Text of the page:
In a recent interview with IBM‘s CTO, Quantum Computing, Bob Wisnieff he related some interesting insights into what it was like to develop and build the System One. He said the original idea was to show that IBM could make a reliable, functioning quantum computer that existed entirely outside of a laboratory.
IBM‘s System One is unique. It’s a legitimate quantum computing system that exists in a big box. It doesn’t have to be connected to a massive cooling system inside of a lab (it has its own, just like a mainframe or a PC). And it doesn’t require a physicist to dive under the hood every time you want to do something with it.
IBM Q Network organizations can program and run code on it right now.
The big picture wasn’t about what 20 qubits shoved inside a box can or can’t do, Wisnieff said. It’s about the fact it exists at all. He continued:
“What I like best is that we get to be in the right place at the right time for quantum computing, this is a joy project. This design represents a pivotal moment in tech.”
The “pivotal moment” bit might sound hyperbolic. Especially if you’ve seen the System One’s underwhelming coverage. James Vincent at The Verge, in an articleabout the System One, said:
"In the grueling race to build a practical quantum computer, tech companies are keeping their spirits up by loudly cheering every milestone — no matter how small."
Kieren McCarthy of The Register wrote an articleabout the system with the headline: “If you’ve been dying to run some math on a dinky toy quantum computer, IBM may have something for you.”
The quantum team at IBM spent about six months last year tossing ideas around, mostly trying to come up with solutions to the little problems that plague a project like this.
“In one way, you want to isolate the qubits from the universe,” Wisnieff said, before explaining “but you also have to have access to read and measure them.” Just one of many problems faced by an engineering team developing something that’s never been built before.
Once these problems got sorted, the IBM engineers and physicists then began working with design experts from Goppion, the company responsible for some of the world’s most famous museum-quality display cases, Universal Design Studioand Map Project Office. This was Wisnieff’s dream team.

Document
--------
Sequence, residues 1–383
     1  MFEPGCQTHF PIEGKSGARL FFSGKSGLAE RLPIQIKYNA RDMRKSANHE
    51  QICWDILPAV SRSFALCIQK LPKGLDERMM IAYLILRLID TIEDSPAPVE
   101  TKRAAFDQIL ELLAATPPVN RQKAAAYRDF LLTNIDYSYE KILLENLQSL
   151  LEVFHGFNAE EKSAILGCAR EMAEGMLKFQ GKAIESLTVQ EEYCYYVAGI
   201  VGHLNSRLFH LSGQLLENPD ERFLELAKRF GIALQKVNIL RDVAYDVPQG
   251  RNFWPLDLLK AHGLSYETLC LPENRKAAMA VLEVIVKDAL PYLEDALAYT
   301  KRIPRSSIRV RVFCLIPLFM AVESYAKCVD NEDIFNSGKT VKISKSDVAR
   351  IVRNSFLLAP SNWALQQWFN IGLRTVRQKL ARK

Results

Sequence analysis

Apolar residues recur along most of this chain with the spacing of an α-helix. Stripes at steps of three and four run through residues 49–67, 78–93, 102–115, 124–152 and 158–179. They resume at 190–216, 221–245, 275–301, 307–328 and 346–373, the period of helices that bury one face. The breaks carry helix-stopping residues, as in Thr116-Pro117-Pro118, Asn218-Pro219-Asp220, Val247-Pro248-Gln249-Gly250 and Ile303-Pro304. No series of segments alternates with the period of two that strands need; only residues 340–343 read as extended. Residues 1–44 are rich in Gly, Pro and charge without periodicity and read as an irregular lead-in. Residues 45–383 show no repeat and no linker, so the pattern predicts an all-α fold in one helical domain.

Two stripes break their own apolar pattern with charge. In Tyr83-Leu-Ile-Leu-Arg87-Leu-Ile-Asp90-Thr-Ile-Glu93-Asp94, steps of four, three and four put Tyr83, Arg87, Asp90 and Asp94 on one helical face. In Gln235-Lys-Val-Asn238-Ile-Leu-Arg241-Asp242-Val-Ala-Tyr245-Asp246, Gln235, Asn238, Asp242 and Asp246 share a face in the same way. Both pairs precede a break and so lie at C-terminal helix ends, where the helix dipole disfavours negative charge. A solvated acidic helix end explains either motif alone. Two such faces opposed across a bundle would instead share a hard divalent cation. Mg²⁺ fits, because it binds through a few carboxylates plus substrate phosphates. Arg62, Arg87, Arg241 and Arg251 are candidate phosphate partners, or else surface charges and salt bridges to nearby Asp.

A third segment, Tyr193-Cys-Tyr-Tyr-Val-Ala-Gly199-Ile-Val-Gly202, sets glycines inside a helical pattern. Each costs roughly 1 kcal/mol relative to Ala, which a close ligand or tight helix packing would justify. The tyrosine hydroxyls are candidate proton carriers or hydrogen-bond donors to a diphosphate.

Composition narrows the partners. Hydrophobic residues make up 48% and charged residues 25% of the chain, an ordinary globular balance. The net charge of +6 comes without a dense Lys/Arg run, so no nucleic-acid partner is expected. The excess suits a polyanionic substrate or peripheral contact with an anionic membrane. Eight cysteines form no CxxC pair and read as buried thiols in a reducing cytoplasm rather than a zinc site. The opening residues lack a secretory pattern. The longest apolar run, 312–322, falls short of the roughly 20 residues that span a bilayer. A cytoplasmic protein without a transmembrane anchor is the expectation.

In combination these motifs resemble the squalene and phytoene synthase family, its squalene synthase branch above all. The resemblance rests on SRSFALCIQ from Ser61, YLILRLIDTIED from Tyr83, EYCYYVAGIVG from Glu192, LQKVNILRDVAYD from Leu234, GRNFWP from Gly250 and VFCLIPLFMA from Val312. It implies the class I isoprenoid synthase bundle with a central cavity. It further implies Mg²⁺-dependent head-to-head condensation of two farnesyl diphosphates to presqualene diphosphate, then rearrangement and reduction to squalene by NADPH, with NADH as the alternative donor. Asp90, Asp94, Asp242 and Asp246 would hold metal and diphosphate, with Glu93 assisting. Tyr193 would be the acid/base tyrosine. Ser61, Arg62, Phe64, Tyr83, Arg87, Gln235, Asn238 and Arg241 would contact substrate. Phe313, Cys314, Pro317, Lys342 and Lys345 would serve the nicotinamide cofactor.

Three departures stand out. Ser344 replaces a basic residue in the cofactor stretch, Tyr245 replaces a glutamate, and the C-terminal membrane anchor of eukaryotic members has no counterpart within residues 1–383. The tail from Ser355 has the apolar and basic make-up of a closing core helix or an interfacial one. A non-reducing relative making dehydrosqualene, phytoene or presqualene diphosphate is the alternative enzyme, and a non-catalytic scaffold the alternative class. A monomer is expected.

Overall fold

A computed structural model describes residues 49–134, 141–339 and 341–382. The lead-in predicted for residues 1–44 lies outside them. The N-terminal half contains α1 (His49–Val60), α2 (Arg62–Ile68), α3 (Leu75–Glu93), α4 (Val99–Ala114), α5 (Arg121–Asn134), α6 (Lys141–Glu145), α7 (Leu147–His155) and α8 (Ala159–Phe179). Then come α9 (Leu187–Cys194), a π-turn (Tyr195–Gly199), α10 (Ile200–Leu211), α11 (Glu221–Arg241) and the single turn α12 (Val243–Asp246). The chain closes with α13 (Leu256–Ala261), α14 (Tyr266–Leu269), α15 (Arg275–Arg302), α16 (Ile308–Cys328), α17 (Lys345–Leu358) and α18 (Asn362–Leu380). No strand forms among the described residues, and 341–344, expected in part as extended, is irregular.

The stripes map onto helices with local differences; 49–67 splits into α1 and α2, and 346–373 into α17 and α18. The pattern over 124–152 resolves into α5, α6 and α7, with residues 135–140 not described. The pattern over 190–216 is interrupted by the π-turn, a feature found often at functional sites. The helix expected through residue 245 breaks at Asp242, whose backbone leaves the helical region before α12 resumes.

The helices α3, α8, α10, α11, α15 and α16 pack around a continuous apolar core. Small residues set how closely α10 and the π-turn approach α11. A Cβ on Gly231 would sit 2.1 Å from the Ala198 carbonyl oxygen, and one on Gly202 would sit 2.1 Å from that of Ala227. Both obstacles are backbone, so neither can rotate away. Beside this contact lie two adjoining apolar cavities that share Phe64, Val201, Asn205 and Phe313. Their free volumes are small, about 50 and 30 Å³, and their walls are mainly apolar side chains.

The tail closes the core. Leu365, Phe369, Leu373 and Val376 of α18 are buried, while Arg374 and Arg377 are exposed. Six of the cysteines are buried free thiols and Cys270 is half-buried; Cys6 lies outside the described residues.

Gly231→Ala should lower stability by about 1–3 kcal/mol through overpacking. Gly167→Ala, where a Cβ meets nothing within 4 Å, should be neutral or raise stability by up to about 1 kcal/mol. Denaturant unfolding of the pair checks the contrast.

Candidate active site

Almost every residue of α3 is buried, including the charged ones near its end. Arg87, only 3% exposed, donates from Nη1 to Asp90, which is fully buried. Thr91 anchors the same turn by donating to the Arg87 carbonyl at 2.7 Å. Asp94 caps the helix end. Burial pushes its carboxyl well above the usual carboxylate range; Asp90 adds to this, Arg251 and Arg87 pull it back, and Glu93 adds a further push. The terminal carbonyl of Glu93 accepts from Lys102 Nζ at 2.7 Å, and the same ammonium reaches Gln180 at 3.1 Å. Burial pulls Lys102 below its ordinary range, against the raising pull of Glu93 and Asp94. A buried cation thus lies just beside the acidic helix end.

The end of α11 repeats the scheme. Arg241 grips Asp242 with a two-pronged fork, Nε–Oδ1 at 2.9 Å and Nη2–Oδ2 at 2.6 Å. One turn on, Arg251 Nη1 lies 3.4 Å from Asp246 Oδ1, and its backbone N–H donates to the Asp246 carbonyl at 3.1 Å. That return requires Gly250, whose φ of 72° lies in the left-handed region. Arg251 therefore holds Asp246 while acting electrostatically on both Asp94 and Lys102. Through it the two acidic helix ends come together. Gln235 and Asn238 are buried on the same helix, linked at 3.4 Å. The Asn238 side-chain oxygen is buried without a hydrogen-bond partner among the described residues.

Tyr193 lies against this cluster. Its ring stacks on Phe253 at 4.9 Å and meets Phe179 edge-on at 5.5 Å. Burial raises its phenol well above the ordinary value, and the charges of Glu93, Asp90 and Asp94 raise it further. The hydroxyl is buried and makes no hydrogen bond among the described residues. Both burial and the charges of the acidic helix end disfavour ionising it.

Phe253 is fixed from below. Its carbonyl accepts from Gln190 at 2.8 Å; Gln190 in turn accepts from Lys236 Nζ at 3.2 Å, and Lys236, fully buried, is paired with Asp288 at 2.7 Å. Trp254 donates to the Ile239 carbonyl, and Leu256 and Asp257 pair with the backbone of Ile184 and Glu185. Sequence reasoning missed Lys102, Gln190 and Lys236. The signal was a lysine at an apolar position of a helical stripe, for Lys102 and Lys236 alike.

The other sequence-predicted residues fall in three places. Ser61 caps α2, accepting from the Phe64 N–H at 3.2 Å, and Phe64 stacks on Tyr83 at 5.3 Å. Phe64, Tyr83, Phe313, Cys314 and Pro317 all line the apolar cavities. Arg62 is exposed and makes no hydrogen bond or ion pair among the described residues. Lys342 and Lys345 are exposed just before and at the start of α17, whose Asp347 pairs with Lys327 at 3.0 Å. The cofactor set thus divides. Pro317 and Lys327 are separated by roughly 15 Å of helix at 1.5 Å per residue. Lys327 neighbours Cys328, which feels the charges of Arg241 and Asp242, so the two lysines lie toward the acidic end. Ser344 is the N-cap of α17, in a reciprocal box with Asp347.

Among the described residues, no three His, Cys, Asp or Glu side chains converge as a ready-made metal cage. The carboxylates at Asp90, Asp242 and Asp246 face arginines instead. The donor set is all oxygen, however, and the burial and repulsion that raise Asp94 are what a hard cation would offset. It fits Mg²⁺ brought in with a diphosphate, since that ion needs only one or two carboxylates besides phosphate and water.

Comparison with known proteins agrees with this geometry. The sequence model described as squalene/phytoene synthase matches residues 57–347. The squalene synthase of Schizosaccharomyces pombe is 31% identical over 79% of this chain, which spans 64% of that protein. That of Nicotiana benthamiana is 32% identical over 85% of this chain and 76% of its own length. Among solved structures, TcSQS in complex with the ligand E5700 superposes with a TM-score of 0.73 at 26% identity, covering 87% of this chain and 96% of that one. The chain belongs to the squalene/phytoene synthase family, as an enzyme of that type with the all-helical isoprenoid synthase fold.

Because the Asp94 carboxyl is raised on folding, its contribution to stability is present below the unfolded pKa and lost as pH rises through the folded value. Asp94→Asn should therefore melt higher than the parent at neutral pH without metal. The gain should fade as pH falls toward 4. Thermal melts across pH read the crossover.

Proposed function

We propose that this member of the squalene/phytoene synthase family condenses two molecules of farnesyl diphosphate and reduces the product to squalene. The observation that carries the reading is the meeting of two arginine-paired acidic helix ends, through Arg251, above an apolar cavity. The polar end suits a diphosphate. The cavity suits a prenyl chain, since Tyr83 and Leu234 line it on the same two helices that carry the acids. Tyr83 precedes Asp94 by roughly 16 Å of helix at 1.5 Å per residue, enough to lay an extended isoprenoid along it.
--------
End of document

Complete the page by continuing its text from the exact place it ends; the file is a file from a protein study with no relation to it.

These companies were chosen after IBM‘s Director of Research, Dario Gil, gave Wisnieff carte blanche to find the best designers in the world. Wisnieff said this was because Gil realized the significance of the project.
As Wisnieff explained the process of building the System One, it became clear the intent was never to create a device that would suddenly usher the era of commercial quantum computing into reality. IBM Research is working on that, so are Google and Intel and a bunch of other companies. But that’s not what System One was designed for.
There are plenty of qualified, sane experts who believe quantum computing technology will never amount to anything. Meanwhile, the physicists and engineers working on them understand they’ll be one of the most significant advancements in human history.
That’s a lot for a discerning public to put up with in their daily news feed and monthly science magazine. But when IBM built a functioning quantum computer in a box and demoed it at CES, it showed the entire world that quantum computers are here right now. And they’re only getting started.
It doesn’t matter if it can solve major problems or not. It’s not essential whether the System One will ever be sold as a commercial product or not – it almost certainly won’t.
What matters is that IBM took something that looked like this:
Fifty years from now MIT‘s physics lab, Google‘s quantum research center, or IBM’s large quantum lab won’t be faithfully recreated in a giant quantum museum. Instead, an actual quantum computer will sit inside one.
IBM unveiled the world’s first, and only, functioning integrated quantum computer that exists entirely outside of a lab. It’s not the quantum computer that will change everything. But it might be the one your grand-kids read about on page one of that chapter in their science textbooks.